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Detroit Congressman Addresses Ann Arbor Town Meeting

Detroit Congressman Addresses Ann Arbor Town Meeting image
Parent Issue
Month
July
Year
1986
Copyright
Creative Commons (Attribution, Non-Commercial, Share-alike)
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Agenda Publications
OCR Text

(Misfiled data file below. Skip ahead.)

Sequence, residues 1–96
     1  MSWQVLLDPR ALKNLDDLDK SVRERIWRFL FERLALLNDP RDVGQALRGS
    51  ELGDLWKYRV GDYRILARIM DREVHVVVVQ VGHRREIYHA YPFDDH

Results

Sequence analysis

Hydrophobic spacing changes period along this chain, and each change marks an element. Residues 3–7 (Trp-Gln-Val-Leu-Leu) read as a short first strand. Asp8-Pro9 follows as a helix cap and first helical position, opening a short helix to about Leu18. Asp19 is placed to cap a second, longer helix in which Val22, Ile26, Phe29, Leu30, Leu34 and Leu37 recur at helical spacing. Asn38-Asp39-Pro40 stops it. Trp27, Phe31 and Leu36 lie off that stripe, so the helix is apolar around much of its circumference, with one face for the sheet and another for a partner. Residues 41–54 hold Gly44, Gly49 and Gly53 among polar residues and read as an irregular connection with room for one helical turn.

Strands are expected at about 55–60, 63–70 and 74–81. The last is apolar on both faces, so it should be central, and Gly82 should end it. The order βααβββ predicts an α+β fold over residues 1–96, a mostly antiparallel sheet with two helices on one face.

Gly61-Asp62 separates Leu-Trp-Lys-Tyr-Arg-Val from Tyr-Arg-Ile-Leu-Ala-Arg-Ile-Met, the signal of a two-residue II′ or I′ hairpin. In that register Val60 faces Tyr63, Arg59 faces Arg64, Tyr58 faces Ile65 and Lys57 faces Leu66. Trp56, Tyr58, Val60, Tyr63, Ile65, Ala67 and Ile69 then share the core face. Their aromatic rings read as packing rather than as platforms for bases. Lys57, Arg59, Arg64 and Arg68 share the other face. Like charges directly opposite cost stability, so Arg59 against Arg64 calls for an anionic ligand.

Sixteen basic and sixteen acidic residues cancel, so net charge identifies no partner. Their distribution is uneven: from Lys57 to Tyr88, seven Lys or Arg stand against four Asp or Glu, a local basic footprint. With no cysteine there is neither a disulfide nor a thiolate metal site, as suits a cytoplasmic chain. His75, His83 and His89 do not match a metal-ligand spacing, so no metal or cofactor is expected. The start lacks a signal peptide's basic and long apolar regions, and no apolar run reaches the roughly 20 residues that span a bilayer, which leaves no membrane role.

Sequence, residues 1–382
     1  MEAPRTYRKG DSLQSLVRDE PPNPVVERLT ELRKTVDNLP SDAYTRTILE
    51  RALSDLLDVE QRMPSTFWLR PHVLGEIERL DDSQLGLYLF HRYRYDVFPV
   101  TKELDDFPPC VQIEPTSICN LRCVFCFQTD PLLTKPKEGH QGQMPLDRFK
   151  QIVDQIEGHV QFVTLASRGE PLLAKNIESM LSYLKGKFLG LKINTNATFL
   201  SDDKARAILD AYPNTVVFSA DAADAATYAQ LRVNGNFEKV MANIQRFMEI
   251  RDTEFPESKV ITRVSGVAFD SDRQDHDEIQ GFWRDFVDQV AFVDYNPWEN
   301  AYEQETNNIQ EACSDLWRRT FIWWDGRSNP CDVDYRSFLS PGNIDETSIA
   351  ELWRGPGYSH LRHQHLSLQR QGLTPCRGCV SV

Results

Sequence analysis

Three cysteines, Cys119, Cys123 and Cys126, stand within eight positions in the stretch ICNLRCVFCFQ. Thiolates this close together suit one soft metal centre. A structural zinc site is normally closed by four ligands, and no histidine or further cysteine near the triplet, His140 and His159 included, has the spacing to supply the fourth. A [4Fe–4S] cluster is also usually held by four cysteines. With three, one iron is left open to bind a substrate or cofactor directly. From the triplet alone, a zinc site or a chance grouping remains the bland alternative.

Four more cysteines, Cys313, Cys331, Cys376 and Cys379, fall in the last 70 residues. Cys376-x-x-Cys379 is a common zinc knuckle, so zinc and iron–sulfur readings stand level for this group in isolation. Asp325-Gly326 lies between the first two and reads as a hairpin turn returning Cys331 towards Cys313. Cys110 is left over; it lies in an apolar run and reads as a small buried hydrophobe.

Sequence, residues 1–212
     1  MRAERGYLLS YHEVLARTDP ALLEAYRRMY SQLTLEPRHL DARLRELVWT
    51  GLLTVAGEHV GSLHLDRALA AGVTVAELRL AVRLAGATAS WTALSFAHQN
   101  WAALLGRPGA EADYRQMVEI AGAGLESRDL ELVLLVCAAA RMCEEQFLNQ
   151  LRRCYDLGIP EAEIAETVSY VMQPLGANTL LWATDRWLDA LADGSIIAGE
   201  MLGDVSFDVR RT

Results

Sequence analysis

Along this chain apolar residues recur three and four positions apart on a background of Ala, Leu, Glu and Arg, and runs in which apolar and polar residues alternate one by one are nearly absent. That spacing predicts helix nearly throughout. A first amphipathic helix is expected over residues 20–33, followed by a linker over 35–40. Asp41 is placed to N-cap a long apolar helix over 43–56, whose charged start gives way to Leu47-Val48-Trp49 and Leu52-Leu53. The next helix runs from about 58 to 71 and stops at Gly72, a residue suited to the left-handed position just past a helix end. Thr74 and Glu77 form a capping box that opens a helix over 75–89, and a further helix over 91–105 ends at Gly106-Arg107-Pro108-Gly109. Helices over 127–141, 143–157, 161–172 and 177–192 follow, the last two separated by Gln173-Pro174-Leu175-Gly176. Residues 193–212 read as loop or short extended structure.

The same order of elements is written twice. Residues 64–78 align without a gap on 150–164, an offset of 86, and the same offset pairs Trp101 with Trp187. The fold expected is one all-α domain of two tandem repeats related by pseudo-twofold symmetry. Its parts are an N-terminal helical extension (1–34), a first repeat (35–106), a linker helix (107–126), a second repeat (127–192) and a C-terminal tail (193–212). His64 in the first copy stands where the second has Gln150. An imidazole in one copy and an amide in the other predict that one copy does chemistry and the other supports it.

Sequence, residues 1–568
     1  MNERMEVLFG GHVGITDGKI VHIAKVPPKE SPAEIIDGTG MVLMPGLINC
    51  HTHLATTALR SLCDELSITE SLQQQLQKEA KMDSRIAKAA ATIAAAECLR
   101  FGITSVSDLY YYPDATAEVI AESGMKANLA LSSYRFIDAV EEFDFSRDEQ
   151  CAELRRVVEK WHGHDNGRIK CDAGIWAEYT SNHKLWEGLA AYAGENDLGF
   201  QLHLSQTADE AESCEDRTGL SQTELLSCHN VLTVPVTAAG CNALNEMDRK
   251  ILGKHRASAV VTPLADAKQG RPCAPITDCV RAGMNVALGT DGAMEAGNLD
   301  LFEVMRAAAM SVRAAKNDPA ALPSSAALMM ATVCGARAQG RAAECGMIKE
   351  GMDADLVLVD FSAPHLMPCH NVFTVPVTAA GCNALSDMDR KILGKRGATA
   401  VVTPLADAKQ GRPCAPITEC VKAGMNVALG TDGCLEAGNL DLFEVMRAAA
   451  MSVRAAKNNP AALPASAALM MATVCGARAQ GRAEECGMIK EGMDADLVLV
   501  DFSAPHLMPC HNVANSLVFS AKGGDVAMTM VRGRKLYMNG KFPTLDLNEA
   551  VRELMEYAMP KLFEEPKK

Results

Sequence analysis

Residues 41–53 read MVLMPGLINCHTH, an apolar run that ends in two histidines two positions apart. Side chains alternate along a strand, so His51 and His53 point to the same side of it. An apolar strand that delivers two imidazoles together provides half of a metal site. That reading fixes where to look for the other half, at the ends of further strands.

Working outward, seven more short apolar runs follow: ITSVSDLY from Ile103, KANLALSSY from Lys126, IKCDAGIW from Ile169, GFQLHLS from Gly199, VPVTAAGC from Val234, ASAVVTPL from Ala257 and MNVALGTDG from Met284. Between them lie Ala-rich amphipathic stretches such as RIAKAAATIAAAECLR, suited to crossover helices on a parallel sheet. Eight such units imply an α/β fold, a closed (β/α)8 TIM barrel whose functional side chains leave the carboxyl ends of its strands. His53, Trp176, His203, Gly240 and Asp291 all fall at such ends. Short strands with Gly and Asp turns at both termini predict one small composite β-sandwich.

ANN ARBOR- On June 6, a "Town Meeting on U.S. Policy in Central America" was held at the First Baptist Church of Ann Arbor. Rep. Cari Pursell (R), and Rep. John Conyers (D) were invited to speak. Pursell, whose district includes Ann Arbor, did not attend and a chair hearing his name remayied conspicuously empty in the middle of the stage throughout the meeting. About 75 people attended the meeting, sponsored by the Ann Arbor Sister City Task Force, Interfaith Council for Peace and Latín American Solidarity Committee. In his opening remarks, Conyers, a veteran of eleven terms and sponsor of over 300 pieces of legislation, alluded to Congressman Pursell's unwillingness to meet with, or adequately address the concerns of many of his constituents. Even though the meeting was out of his own congressional district (Detroit), Conyers made the trip to Ann Arbor to encourage members of the audience to "join a growing number of people" who are determined to "stay with the political process" to make necessary changes in government policy. He stressed that it is not enough to complain about, or criticize governmenL Individuals must become actively involved. The congressman called the President's previous proposal to aid the contras, defeated in March by a 222-210 House vote, an "...inane request for money for an illegal group to overthrow a legitímate govemment." According to Conyers, the purpose of Reagan's perpetually aggressive approach to contra aid is twofold. First, the President wishes to counteract the polls which show that a majority of Americans do not support the administration's policy of aiding the contras. Second, he wants to send a clear signal to the other countries in the Western Hemisphere that the United States does not intend to let them opérate independently of U.S. interests, to let them direct their governments with genuine autonomy. Conyers suggested that the U.S. invasión of Grenada sent out a similar signal. He said that the United States is determined "to continue the domination that we have traditionally held over South America, countries we have exploited ever since we started out." Representative Conyers firmly rejected the latest versions of contra aid put forth in Congress. One proposal stipulates that 30% of the requested $100 million in aid must be used for humanitarian purposes, with the remaining 70% being spent on lethal aid. He observed that "humanitarian aid is supposed to include non-combatants," but humanitarian aid under the new proposal would be given only to "people helping the contras...and anybody that is neutral [is granted] no aid." Nor would any aid be given to people who were "supporting their own government in Nicaragua," and that says Conyers, "violates every definition of humanitarian aid that has existed up until now." He then stressed the importance of resisling the compromise legislaüon proposed by Representative Dave McCurdy (D-Oklahoma), which would increase the percentage of so-called humanitarian aid and delay the vote on military aid for 90 days "to see if Nicaragua is going to negotiate" in the meantime. Conyers stated at this point that "Nicaragua's been begging us, as with the Contadora nations, to negotiate all the time." He acknowledged that one is obliged to compromise in Congress, but by accepting the McCurdy amendment one guáranteos "the defeat of the amendment that would prohibit contra aid by falling back in advance to a defeatist compromise position." He said that it would bc a defeat for the American people: "Most people don't want our money going down there." During the question and answer period which followed, U-M Ecology Professor John Vandermeer, who left nis current work in Nicaragua for a short visit to Ann Arbor, asked Conyers to convey his concern to Pursell about the eight West Germans who were being held hostage by the contras at that time (they have since been released). Conyers responded that Vandermeer should discuss this directly with Pursell. When other members of the audience claimed this wasn't possible, Conyers insisted that they will have to find a way to make Pursell listen. LM A Ipdate

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